Browns Bengals Football

Leah Still waves during a ceremony during the first half of a game between the Cincinnati Bengals and the Cleveland Browns on Nov. 6, in Cincinnati. Leah, who is battling cancer, watched her father, Cincinnati Bengals defensive tackle Devon Still, play for the first time. — AP Photo/AJ Mast

CINCINNATI — Bengals defensive tackle Devon Still is eager to shake hands with Saints coach Sean Payton and say thanks in person for buying so many of his jerseys.

Payton bought 100 of Still’s jerseys — at $100 apiece — when the lineman and the Bengals were starting a campaign to raise money for pediatric cancer research and treatment. Still’s 4-year-old daughter, Leah, started another round of treatment for cancer this week at a Philadelphia hospital.

Still and Payton have talked on the phone. They plan to meet on the field Sunday in New Orleans after the Bengals (5-3-1) play the Saints (4-5) in an important game for both teams.

“He’s basically what got the ball rolling with everything,” Still said. “A lot of the credit goes to him for what he did.

“You can’t thank somebody the way you want to or are supposed to over the phone. It’s something you have to do face-to-face, so I’m definitely looking forward to meeting him.”

Leah was diagnosed with cancer in early June and had a tumor removed from her abdomen. The Bengals decided to donate proceeds from sales of Still’s No. 75 jersey to Children’s Hospital in Cincinnati for pediatric cancer research.

The team presented a check for more than $1 million to the hospital after the first quarter of a 24-3 loss to Cleveland last Thursday night at Paul Brown Stadium. Leah flew in from Philadelphia and was on the field for a loud ovation from the crowd.

Payton was one of the first NFL coaches outside of Cincinnati to embrace the cause. His example prompted others to donate to pediatric cancer research. Payton heard about Still’s daughter on a radio program while driving his car.

“Just hearing how they handled it was pretty inspirational,” Payton said this week, during a conference call with reporters in Cincinnati. “It was really spontaneous and something I thought would be a good gesture.”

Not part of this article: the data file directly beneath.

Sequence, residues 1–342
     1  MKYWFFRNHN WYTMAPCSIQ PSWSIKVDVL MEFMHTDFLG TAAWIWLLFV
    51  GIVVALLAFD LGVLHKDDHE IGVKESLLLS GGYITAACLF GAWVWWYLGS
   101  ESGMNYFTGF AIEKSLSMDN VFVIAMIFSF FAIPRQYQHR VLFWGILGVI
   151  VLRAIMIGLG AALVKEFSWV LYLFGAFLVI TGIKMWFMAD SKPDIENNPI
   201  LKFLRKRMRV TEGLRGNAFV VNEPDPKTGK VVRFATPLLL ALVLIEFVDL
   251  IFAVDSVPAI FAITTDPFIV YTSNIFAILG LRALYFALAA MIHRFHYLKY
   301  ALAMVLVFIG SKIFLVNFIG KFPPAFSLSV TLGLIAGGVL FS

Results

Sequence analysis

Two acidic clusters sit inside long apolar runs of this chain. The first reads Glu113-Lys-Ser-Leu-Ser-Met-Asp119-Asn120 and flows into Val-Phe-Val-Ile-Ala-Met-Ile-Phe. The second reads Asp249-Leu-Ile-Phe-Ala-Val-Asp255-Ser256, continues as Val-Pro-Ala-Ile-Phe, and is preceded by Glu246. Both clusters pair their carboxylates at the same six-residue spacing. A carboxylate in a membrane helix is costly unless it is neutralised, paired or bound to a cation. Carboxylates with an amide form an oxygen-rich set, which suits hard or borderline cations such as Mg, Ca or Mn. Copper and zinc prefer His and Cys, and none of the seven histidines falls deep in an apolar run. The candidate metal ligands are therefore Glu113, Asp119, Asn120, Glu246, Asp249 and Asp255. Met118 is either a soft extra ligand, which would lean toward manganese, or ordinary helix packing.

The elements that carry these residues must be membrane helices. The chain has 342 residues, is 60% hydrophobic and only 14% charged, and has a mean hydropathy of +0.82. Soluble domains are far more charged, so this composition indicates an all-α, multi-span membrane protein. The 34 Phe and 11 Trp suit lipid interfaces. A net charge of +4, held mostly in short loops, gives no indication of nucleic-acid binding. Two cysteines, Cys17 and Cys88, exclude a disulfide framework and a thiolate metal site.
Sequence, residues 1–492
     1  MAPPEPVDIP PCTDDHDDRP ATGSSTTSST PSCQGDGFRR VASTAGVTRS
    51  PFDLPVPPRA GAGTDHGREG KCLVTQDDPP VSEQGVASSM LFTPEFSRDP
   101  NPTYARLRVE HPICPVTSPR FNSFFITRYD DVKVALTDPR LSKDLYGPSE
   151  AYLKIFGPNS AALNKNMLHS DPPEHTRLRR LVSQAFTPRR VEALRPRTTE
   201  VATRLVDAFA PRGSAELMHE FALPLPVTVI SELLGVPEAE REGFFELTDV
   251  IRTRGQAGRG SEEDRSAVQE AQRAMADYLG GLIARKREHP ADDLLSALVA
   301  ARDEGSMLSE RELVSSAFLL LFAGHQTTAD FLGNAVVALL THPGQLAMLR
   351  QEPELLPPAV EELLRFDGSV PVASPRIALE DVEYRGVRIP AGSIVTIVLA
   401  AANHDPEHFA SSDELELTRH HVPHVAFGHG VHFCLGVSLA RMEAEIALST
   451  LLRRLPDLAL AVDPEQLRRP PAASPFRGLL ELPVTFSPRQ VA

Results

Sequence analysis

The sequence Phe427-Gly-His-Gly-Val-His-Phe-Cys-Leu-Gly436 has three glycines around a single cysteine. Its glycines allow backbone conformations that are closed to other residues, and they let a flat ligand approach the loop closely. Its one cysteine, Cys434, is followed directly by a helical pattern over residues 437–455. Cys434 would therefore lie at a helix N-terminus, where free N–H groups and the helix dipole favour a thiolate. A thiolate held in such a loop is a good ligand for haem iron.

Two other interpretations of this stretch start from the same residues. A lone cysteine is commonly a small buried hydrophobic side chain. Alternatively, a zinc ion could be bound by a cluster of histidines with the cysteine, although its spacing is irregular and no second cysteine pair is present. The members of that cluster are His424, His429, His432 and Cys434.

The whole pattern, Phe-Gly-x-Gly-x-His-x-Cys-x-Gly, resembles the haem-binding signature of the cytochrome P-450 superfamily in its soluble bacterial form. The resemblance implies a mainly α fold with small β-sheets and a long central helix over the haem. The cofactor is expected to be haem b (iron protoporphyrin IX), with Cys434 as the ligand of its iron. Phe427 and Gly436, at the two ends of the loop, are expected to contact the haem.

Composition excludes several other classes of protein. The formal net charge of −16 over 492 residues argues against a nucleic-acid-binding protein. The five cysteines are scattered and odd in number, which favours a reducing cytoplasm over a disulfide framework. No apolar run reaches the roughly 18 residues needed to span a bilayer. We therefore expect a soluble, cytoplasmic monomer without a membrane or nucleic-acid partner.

Payton has some connections with the Bengals. He was an assistant coach at Miami University in nearby Oxford, Ohio, in the 1990s and knows the Brown family that owns the Bengals. His familiarity with the team was a factor in deciding to support Still.

“I really wasn’t familiar with Devon as a player and have obviously become more familiar with him,” Payton said.

Still’s story has gotten a lot of attention from players around the league as well. Browns quarterback Brian Hoyer went up to him after the game on Thursday night to encourage him. — (AP)

“He was just saying that he respects what I’m doing for pediatric cancer and telling me how he gives me a lot of credit for being able to deal with what’s going on with my daughter and still be out here playing football,” Still said.

Hoyer said that Still’s story resonated with him as a parent.

“I can’t imagine what he’s gone through,” Hoyer said. “Reading the stories, it gets you choked up because you put yourself in that situation and with especially how demanding this job is.”

Leah has gotten chemotherapy and radiation treatment. She started another round on Wednesday, and doctors hope this one will get rid of the remaining cancer cells. She’ll have another body scan in four to six weeks to see if the cancer is gone or if more treatment is needed

“Hopefully this is the one and only,” Still said.

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